Imitation firearms are now the main type of weapon used in gun crime in England and Wales, figures show.
The Office for National Statistics (ONS) said a rise in gun crime was largely down to the growing presence of imitation firearms.
Some 6,193 firearms offences were recorded by police in 2022, an 11% increase on the 5,581 logged a year earlier.
The use of imitation firearms – anything which looks like a gun regardless of whether it can shoot a bullet – recorded by police in such offences rose 22% in a year, from 1,800 in 2021 to 2,196 in 2022 and is “now the most prevalent principal weapon” in those types of offences, the ONS said.
In 2021, handguns were slightly more prevalent than imitation firearms, accounting for 33% and 32% of police-recorded firearms offences respectively, while in the pre-pandemic 12 months to March 2020 the gap was wider, at 40% for handguns and 23% for imitation firearms.
The figures also show there was a rise in threats to kill being made using knives last year being reported to police.
Overall, the number of knife crime offences recorded by police in 2022 (49,265) was 9% lower than levels prior to the coronavirus pandemic in the year to March 2020 (54,230).
Despite this, the number of threats to kill made with a knife that forces recorded rose by 22% to 5,942 offences in 2022.
In the 12 months to March 2020, 4,861 offences were recorded.
The ONS said the figures for police-recorded crime exclude data from Devon and Cornwall Police because of problems with a new computer system.
There were 189,731 sexual offences recorded by police in England and Wales in 2022, up 7% from 177,646 in 2021 and up 19% from 159,080 in the pre-pandemic year of 2019/20.
The rise reflects improvements in police recording practices and increased reporting by victims, which means the figures “do not provide a reliable measure of trends in these types of crime”, the ONS said.
The data may also have been influenced by “the impact of high-profile cases and campaigns on victims’ willingness to report both recent and historical incidents”.
Similar factors are likely to have contributed to the rise in police-recorded rape offences, which stood at 67,169 in 2022, up 3% from 64,900 in 2021 and up 17% from 57,586 in the year to March 2020.
The overall number of crimes recorded by police in England and Wales in 2022 stood at 6.6 million, compared with 5.9 million in 2021 and 6.0 million in 2019/20, though this is “unlikely to reflect a genuine increase in crime”, the ONS said.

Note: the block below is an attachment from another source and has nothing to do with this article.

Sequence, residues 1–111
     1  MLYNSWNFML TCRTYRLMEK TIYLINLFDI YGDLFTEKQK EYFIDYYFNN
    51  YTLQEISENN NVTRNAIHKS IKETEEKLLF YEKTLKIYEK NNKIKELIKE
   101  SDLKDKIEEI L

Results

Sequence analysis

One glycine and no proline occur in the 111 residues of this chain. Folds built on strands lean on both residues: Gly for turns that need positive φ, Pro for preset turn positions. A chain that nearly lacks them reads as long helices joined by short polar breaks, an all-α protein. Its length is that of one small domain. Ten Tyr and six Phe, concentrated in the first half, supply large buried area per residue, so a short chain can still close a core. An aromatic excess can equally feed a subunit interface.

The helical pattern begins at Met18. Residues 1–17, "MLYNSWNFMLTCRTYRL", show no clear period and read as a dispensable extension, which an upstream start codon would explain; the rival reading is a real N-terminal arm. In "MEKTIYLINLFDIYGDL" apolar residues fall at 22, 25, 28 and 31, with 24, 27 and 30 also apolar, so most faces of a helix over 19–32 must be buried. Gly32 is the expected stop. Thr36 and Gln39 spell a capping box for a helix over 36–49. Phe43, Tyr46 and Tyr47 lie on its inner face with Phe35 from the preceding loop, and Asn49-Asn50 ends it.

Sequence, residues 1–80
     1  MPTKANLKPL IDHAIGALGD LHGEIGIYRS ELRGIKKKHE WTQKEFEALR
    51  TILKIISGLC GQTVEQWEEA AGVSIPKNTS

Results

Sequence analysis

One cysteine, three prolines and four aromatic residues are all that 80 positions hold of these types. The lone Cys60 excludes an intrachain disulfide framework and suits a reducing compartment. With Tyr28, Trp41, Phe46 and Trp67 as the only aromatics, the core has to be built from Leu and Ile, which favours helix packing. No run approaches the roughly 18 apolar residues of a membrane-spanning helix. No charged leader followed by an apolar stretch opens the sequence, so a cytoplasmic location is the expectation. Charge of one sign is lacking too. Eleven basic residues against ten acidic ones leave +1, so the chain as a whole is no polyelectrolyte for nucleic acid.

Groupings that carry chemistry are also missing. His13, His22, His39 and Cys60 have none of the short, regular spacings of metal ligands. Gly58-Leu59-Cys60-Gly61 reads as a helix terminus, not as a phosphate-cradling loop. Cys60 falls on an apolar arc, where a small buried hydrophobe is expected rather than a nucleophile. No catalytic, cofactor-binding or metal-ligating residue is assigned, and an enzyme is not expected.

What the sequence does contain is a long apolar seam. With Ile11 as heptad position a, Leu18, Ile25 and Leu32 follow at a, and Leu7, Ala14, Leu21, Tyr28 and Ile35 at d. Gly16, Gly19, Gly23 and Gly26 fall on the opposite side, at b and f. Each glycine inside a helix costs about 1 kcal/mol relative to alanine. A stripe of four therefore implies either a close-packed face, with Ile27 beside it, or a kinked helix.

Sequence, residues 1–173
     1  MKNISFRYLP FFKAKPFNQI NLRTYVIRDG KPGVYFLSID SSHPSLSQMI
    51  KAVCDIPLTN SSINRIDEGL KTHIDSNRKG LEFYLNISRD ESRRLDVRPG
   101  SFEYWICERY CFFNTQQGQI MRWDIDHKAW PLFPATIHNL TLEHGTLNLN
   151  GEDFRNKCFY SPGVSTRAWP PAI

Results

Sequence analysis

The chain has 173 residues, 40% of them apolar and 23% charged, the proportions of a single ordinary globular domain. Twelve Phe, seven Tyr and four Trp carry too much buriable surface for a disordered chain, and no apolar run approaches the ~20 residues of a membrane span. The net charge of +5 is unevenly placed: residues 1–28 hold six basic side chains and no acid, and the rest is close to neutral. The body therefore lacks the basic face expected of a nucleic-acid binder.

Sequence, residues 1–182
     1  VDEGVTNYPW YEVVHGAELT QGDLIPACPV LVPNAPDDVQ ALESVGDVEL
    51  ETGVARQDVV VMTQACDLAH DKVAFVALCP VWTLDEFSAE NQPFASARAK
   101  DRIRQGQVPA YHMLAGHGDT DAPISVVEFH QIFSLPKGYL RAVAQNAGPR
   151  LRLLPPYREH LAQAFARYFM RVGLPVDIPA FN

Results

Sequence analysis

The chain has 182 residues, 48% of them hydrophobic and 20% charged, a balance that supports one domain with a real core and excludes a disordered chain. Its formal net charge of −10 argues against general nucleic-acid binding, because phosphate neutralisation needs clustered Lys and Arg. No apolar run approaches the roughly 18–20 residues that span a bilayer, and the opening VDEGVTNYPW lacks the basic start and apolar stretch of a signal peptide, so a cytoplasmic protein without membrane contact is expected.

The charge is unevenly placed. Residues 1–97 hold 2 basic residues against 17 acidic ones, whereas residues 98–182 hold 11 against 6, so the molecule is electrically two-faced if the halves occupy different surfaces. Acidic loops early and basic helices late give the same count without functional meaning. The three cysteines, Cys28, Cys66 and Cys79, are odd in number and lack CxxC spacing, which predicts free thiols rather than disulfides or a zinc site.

This is because the rise has been driven chiefly by increases in the offence categories, which are “most subject to changes in reporting and recording practices”.
Separate figures published on Thursday from the ONS Crime Survey for England and Wales for the year ending December 2022 suggest adults experienced 9.0 million offences, down 12% from 10.2 million in a survey for the year ending March 2020.
The survey measures experiences of crime in the 12 months before interview, meaning the 2022 survey, which was conducted between January and December last year, reflects crimes that could have occurred as far back as January 2021.
Experiences of crimes, as measured by the ONS survey, have been on a broad downwards trend since the mid-1990s.
Pete Jones of the ONS said: “Overall crime decreased in 2022 compared to before the pandemic, mainly driven by a reduction in theft. However, it is too early to say whether this will continue to be an ongoing trend.
“Though relatively low numbers, there was a large increase in the number of advance fee fraud cases, where victims make advance or upfront payments for goods or services that do not materialise. This may be in relation to increased levels of online activity during the pandemic.
“For crimes which are well-reported and recorded by the police we can gain additional insight from police data.
“Today’s figures show robbery, knife crime and firearm offences are all down on what was seen pre-pandemic but have risen in the last year.
“There have also been increases in other police recorded crimes, such as sexual offences and rape, but we need to be cautious when interpreting these figures.
“They can reflect a number of factors including the impact of high-profile cases and victims’ willingness to report both recent and historical incidents.”
Estimates from the crime survey for the year to December 2022 suggest there were 454,000 advance fee fraud offences in England and Wales, more than seven times the number recorded in the survey for the year to March 2020 (60,000).
“Scammers demand an up-front payment for goods or services that never materialise – via fake ads for loans, concert tickets or rental properties for example, or even targeting victims by text pretending to be a delivery company.
“The reason this type of fraud is rising at such an alarming rate is that fraudsters believe they can get away with it – the criminal justice system just isn’t keeping up.
“Whilst the economics of civil legal action can often be a deterrent from pursuing fraudsters, especially given they are often overseas, victims who have lost large sums should always explore the chances of redress. Fraudsters are not above the law.
“However, it is, of course, better to remain vigilant and suspicious of scams wherever possible. Education and awareness of the risks is in many ways the best method of fraud prevention.”